Spent most of the weekend restoring a ton of blog posts that I’d lost a couple of years ago when, fueled by technical stupidity and impatience, I’d attempted an amateurish update to the template.
Guys, it was a lot of work. I’ve been blogging (admittedly off and on) for 18 years. EIGHTEEN YEARS. I am prehistoric. A dinosaur of vanity. Delusional in thinking that anybody would care about my thoughts on life, let alone 18 years’ worth.
And yet here I am. I don’t quite know how to do this, or why I’m doing it, despite 18 years of experience. I kept my mouth shut the past few years because life came at me hard and left me like a wounded deer limping through a Darwinian woods, my life razed to the ground and me, shoved down a hole with the depth and distortions of Wonderland.
(I haven’t lost my taste for melodrama.)
All of my thoughts were bleak and I couldn’t stick them on the internet. Someone would have called the authorities.
A guy I know, after scanning a couple of my posts last week, asked if I tended towards melancholia, and I spit out my coffee. Dude, that’s my default setting.
I look back at those posts—after hunkering all weekend in their moody climate—and I see a guy upon whom life hung a little heavy. 18 years of posts reveal patterns. Loneliness, addiction, terminal illnesses. Embarrassing—in retrospect—to see how I fawned over a Fireplug. How I still fall prey to unrequited blah blah.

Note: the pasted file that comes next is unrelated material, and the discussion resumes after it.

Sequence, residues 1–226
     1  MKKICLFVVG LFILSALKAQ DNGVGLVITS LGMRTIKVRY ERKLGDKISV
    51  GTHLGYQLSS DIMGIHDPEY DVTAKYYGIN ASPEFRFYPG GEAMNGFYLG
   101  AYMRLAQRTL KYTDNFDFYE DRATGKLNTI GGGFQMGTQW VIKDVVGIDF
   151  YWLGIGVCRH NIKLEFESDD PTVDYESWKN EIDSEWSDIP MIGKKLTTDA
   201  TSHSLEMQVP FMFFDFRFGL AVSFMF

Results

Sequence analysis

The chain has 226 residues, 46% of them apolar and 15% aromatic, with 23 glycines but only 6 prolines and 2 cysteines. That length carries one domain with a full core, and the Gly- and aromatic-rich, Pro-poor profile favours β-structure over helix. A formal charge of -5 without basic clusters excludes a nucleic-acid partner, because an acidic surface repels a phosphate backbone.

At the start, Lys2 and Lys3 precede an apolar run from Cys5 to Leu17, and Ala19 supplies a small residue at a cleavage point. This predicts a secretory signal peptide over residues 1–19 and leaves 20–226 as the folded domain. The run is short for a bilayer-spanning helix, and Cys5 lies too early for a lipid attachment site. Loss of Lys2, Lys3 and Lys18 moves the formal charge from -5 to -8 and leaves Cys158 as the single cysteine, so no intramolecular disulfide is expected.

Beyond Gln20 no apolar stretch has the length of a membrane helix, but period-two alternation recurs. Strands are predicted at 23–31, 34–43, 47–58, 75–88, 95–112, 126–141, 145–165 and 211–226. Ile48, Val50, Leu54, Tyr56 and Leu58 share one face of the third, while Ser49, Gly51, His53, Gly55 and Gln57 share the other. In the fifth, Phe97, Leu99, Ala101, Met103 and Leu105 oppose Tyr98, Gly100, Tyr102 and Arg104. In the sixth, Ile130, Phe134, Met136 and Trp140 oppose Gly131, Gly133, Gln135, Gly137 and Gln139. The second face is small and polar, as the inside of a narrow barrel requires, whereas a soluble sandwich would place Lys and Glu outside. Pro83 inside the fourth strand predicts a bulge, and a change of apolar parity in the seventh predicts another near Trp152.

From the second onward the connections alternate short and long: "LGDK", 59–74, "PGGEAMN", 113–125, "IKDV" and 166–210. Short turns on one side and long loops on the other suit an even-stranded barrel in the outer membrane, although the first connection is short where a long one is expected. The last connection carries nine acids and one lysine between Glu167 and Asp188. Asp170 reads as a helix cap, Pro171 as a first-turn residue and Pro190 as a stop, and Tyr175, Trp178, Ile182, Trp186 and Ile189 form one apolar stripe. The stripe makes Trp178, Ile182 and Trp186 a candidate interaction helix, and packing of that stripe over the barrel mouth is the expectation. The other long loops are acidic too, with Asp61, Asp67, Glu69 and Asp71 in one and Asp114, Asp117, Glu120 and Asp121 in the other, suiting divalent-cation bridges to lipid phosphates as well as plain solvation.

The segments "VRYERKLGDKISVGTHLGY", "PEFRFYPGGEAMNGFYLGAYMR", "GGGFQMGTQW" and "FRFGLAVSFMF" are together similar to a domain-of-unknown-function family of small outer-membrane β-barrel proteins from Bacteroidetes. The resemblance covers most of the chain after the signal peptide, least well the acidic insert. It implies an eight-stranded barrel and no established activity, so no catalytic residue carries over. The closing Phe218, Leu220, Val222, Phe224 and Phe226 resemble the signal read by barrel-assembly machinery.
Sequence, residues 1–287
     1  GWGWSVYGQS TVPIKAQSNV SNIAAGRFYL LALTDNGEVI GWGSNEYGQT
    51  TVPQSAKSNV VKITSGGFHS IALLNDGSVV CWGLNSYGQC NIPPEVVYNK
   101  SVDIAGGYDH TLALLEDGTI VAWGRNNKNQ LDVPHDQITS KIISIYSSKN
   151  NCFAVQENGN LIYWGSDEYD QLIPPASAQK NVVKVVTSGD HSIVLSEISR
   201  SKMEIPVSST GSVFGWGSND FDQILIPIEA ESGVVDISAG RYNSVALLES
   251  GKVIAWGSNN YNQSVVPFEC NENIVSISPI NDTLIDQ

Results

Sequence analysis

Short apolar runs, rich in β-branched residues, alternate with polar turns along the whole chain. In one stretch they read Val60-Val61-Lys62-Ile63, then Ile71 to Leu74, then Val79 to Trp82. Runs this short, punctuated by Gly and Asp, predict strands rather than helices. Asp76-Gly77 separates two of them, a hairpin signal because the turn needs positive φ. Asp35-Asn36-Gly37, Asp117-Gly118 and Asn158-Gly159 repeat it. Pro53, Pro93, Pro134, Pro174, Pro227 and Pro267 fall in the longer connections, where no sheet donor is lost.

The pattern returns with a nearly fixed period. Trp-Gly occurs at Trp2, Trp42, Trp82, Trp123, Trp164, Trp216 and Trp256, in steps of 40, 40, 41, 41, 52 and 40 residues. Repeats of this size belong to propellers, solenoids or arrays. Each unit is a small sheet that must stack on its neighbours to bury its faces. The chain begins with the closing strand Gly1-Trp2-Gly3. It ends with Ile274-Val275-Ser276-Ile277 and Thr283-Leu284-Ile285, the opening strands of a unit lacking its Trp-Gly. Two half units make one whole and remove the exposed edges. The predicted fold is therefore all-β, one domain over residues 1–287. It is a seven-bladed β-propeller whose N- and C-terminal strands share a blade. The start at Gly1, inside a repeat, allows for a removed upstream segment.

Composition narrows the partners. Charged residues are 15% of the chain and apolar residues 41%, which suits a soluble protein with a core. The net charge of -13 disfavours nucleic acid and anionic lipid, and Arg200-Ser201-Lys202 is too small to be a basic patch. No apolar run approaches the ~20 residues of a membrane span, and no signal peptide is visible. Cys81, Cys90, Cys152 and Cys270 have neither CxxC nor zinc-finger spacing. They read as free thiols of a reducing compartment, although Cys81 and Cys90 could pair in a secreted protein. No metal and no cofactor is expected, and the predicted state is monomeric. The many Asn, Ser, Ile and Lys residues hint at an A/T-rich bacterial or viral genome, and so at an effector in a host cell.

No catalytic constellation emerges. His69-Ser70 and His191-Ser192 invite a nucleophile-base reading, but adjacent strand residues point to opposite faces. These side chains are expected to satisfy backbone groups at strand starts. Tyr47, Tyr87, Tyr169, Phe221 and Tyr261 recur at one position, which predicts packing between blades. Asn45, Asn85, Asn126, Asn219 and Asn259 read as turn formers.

Old patterns worn into the wood. Men and dogs. Dogs and men.
God, I wanted to delete half this blog. Sometimes for content. Sometimes for clumsy, pedestrian writing. Mostly for the unvarnished earnestness. But it’s like I struck this deal 18 years ago— a deal that nobody demanded—to keep it all up. A social experiment in voluntary humiliation. A Dear-Diary-I-think-he-likes-me-back for public consumption.
It’s a Monday in western Massachusetts. I hit the snooze button four or five times at dawn, dragged myself out of bed, made coffee, walked and fed Agnes. Showered, dressed, and packed a lunch. I drove 26 minutes through relatively light traffic to Springfield, to the job I’ve held for six months, where I wield words for a living. It’s my first professional writing job, and they seem to like me enough.
I still don’t quite know how I got here.
It’s been four and a half years since I left my life in San Francisco. And it’s only now that I’ve pulled myself out of the hole. Half-blind, unsteady. My beard turned gray.
And here I am again. Not sure what to do or what to say. A more guarded man than the 30-year-old boy who first strung the words “dog” and “poet” together on nothing more than instinct. Trying to build my world up again with words. Hanging them on the line for all to see.
Hello, I think. I think I’m here.